Augustine thinks he’ll have a better chance of surviving on his own. But as we discover, he’s not on his own. There’s a stowaway in the observatory, a girl who becomes his companion. Caoilinn Springall, the 7-year-old actress who makes her debut here, has a vibrant quizzicality reminiscent of the young Anna Paquin’s, but the character, as presented, doesn’t talk. (She’s not physically mute; she has just…decided not to talk.) She does things like draw a picture of a flower to tell Augustine her name (Iris!), and engages him in a dinner game of pea hockey. It’s all very cute, very pro forma lost-girl-meets-father-figure-savior, and not very interesting.
Meanwhile, in space, the Aether is returning from a voyage to K-23, the formerly hidden moon of Jupiter the ship’s crew had been exploring as a possible alternative to Earth. That story point echoes the premise of “Ad Astra,” except in this case there’s a weird fuzziness to it: After “the event,” the people on Earth really do need a place to go — but the Aether began its voyage long before. Coincidence or sloppy plotting?
The ship’s crew members are an appealing enough bunch — or, at least, the actors are. But there’s not much to the characters they’re playing. Felicity Jones is all perky radiance as the resourceful Sully, and David Oyelowo gets to show off his wit as the Commander, Tom Adewole. These two are a couple who are getting ready to have a child (a daughter), and there’s a running joke about the other crew members all trying to think of names for her. Demián Bichir is underused as the overly jovial Sanchez, but it’s Tiffany Boone, as Maya, who anchors the film’s one blow-you-away sequence: a group space walk undertaken to repair a faulty transmitter. We’ve been seeing this sort of thing since “2001,” but Clooney mounts his own heart-in-the-throat variation on it. As the astronauts inch their way along metal bannisters, everything outside the ship is so serene that we keep waiting for the other moon boot to drop. And it does, but not in the way you expect. Suffice to say that Clooney does with blood what “Gravity” did with tears.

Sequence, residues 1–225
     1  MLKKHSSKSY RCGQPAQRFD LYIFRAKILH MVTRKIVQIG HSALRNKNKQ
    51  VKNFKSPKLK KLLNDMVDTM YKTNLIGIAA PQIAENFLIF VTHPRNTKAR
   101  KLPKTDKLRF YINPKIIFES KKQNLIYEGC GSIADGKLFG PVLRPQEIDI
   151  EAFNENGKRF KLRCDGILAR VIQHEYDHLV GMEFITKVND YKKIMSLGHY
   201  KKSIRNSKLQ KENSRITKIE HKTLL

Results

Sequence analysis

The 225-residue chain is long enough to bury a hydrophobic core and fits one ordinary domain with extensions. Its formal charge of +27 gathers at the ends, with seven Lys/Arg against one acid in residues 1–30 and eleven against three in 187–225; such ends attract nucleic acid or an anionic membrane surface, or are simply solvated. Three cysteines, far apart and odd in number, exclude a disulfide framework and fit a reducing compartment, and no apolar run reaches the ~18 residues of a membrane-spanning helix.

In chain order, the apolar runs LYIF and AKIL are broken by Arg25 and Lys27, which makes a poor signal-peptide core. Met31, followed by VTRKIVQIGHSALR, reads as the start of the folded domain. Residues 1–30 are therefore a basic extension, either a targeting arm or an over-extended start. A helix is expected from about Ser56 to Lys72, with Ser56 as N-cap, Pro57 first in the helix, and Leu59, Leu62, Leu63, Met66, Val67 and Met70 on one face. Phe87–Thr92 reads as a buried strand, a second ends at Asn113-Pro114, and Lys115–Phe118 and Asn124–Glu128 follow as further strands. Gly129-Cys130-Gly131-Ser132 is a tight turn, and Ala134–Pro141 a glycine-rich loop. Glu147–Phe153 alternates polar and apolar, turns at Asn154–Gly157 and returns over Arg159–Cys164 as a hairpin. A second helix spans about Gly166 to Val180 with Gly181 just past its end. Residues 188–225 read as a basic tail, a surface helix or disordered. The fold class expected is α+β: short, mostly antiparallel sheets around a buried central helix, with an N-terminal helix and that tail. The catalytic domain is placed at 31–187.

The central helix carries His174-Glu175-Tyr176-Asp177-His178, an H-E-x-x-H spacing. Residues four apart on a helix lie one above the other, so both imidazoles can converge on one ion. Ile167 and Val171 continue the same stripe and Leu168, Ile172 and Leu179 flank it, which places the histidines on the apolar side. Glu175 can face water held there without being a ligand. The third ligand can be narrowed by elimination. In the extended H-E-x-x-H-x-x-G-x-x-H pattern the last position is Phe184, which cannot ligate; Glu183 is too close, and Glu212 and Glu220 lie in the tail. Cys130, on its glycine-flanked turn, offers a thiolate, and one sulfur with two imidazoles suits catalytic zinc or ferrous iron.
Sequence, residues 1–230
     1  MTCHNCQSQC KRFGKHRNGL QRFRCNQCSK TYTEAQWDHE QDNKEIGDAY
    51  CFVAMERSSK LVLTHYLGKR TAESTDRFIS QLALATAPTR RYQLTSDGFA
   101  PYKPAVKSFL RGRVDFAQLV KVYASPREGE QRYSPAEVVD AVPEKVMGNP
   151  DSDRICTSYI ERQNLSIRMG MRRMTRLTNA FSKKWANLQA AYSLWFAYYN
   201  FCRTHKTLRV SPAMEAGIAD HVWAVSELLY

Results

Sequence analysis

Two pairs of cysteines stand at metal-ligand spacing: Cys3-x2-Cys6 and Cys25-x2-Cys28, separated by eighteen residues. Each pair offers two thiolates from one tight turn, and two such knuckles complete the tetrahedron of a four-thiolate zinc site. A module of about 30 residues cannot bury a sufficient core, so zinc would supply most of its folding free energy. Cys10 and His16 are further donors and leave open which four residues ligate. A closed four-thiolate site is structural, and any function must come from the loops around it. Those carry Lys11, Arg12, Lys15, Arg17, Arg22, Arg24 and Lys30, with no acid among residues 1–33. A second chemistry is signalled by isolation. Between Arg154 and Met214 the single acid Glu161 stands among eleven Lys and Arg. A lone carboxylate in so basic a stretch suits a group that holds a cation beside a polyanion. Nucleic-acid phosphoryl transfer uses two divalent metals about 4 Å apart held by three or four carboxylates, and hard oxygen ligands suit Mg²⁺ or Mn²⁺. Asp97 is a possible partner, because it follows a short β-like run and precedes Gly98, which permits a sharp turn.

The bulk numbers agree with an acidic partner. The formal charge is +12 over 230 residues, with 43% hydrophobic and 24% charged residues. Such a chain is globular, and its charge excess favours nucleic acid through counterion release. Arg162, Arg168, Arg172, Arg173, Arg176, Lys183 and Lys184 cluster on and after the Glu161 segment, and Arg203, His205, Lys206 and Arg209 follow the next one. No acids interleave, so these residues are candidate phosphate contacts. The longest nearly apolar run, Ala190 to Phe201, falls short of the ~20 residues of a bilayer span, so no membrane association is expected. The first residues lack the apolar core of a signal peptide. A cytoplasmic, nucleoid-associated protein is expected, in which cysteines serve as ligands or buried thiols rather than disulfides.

Yet “Gravity,” an obvious influence here, was an enthralling movie from first shot to last. “The Midnight Sky” has a generically functional motor. What links the film’s two settings is that Augustine is trying to get in contact with the Aether (he and Iris have to trek through the blizzardy wilderness to a weather station before he can do it), and the Aether crew members need to hear about what’s happening on Earth. It’s like playing connect the dots with two dots. “The Midnight Sky” wants to touch us on a human level — its vision of Augustine (who is seen in flashback when he was a young celebrity scientist) as an overly isolated soul; the film’s dream of saving the world by finding a place for its inhabitants. Some viewers will surely be moved. To me, though, “The Midnight Sky” just proves that a movie that reaches for the stars can still come up empty-handed.